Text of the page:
raised. There are also many different sizes and characteristics available to a pet owner owing to a long history of breeding. Rabbits are friendly to each other and are often compatible with other pets. Rabbits are herbivores and their diet is relatively simple. Compared to other small animals, rabbits are robust creatures with strong hind legs (they can run fast) and powerful teeth. Rabbits should never be picked up by the “scruff” on the back of their neck, since "their skeletons are light compared to their bodies, and susceptible to trauma from falling, twisting, and kicking". 
The disadvantages of keeping rabbits as pets is that they may chew many things in the house. Male rabbits may mark their territory with a strong-smelling urine. Rabbits can bite under certain circumstances and they can also scratch. They can injure someone with their hind legs and rear claws if they jump out of someone's arms quickly. They have to be picked up and handled properly. They may leave feces around the house. Many rabbits may not be that friendly or interested in human beings. Male rabbits can be aggressive and territorial. Rabbits may not want to be touched. They will also make a high pitched scream when they are hurt or scared.
See also: Cuniculture
Rabbits have been kept as livestock since ancient times for their meat, wool, and fur. In modern times, rabbits are also utilized in scientific research as
laboratory animals .
Meat-breed rabbits were a supplementary food source during the Great Depression
Breeds such as the New Zealand and Californian are frequently utilized for meat in commercial rabbitries. These breeds have efficient metabolisms and grow quickly; they are ready for slaughter by approximately 14 to 16 weeks of age.
Rabbit fryers are rabbits that are between 70 and 90 days of age, and weighing between 3 and 5 lb (1 to 2 kg) live weight. Rabbit roasters are rabbits from 90 days to 6 months of age weighing between 5 and 8 lb (2 to 3.5 kg) live weight. Rabbit stewers are rabbits from 6 months on weighing over 8 lb.
Any type of rabbit can be slaughtered for meat, but those exhibiting the "commercial" body type are most commonly raised for meat purposes. Dark fryers (any other color but albino whites) are sometimes lower in price than albino fryers because of the slightly darker tinge of the fryer (purely pink carcasses are preferred by consumers) and because the dark hairs are easier to see than if there are residual white hairs on the carcass. There is no difference in skinability.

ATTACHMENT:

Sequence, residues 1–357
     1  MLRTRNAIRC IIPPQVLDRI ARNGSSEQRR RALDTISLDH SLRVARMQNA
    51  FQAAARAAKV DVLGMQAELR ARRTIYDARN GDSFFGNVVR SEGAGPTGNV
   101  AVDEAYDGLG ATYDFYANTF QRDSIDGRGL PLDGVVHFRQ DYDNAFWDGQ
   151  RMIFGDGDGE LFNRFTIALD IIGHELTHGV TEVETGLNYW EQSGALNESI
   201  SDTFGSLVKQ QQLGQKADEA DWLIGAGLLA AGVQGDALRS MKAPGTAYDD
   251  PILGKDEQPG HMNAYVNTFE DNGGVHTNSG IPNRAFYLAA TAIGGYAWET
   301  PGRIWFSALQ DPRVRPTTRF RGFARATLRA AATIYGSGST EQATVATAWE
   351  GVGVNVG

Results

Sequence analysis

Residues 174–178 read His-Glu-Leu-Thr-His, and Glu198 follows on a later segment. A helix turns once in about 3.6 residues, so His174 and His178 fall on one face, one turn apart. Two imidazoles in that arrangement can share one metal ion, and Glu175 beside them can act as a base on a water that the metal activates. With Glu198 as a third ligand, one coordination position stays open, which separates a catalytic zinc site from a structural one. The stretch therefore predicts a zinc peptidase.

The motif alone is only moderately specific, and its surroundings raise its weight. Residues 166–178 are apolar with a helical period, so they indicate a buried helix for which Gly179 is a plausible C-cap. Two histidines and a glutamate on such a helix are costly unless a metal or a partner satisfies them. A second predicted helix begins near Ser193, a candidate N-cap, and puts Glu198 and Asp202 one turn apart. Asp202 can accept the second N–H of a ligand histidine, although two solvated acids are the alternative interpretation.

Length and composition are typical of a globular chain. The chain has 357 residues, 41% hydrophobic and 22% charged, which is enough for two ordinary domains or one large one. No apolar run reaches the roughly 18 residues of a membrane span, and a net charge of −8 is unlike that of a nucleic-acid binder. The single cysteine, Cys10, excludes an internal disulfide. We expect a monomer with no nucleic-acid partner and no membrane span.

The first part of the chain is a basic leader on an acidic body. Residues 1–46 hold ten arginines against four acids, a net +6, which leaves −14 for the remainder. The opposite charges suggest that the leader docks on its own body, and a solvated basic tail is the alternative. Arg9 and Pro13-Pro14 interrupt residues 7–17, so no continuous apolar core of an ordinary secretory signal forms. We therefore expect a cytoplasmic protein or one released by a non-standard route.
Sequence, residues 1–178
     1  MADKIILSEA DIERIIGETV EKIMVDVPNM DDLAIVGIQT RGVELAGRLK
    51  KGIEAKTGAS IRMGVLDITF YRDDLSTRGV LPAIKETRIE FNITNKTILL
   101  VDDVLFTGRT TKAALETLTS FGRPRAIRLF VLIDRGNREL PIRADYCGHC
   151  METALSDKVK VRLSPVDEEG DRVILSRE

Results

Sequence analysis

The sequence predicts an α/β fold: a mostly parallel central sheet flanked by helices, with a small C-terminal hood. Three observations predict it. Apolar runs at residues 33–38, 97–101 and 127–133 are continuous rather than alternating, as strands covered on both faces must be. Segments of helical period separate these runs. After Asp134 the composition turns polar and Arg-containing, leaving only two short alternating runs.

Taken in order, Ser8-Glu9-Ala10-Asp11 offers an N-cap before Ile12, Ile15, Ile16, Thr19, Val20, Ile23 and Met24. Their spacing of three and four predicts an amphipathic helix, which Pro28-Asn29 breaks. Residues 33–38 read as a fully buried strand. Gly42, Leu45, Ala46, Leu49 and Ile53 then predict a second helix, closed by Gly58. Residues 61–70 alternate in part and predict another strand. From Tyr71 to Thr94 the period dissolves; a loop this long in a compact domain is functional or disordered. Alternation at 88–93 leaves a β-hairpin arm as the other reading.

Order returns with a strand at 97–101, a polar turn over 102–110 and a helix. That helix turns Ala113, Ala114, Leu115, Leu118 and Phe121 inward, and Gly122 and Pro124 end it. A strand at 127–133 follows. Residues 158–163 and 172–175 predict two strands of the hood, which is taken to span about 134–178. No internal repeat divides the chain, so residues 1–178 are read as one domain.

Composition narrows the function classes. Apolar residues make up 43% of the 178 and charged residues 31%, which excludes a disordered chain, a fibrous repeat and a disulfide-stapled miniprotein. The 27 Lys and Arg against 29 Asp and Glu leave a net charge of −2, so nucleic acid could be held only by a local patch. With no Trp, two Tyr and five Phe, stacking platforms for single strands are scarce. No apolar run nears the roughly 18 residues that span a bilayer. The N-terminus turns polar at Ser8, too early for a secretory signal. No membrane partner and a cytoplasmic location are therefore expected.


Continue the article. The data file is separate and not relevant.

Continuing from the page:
Rabbits such as the Angora, American Fuzzy Lop , and
Jersey Wooly produce wool . However, since the American Fuzzy Lop and Jersey Wooly are both dwarf breeds, only the much larger Angora breeds such as the English Angora, Satin Angora, Giant Angora, and French Angoras are used for commercial wool production. Their long fur is sheared, combed , or
plucked (gently pulling loose hairs from the body during molting ) and then spun into yarn used to make a variety of products. Angora sweaters can be purchased in many clothing stores and is generally mixed with other types of wool. Rabbit wool, called Angora, is 2.5 times warmer than sheep's wool. 
Peaux de Lapin
by Edme Bouchardon (1737)
Rabbit breeds that were developed for their fur qualities include the Rex with its plush texture, the
Satin with its lustrous color, and the Chinchilla for its exotic pattern. White rabbit fur may be dyed in an array of colors that aren't produced naturally. Rabbits in the fur industry are fed a diet focused for robust coat production and pelts are harvested after the rabbit reaches prime condition, which takes longer than in the meat industry. Rabbit fur is used in local and commercial textile industries throughout the world. China imports much of its rabbit fur from Scandinavia (80%) and some from North America (5%), according to the USDA Foreign Agricultural Service GAIN Report CH7607. [ citation needed ]
Rabbits have been and continue to be used in
laboratory work such as production of antibodies for
vaccines and research of human male reproductive system toxicology . In 1972, around 450,000 rabbits were used for experiments in the United States, decreasing to around 240 000 in 2006.  The Environmental Health Perspective, published by the
National Institute of Health , states, "The rabbit [is] an extremely valuable model for studying the effects of
chemicals or other stimuli on the male reproductive system."  According to the Humane Society of the United States, rabbits are also used extensively in the study of bronchial asthma , stroke prevention
treatments , cystic fibrosis , diabetes, and cancer .
The New Zealand White is one of the most commonly used breeds for research and testing.
Pasture-raised rabbits in a moveable enclosure at Polyface Farm
Animal rights activists generally oppose animal experimentation for all purposes.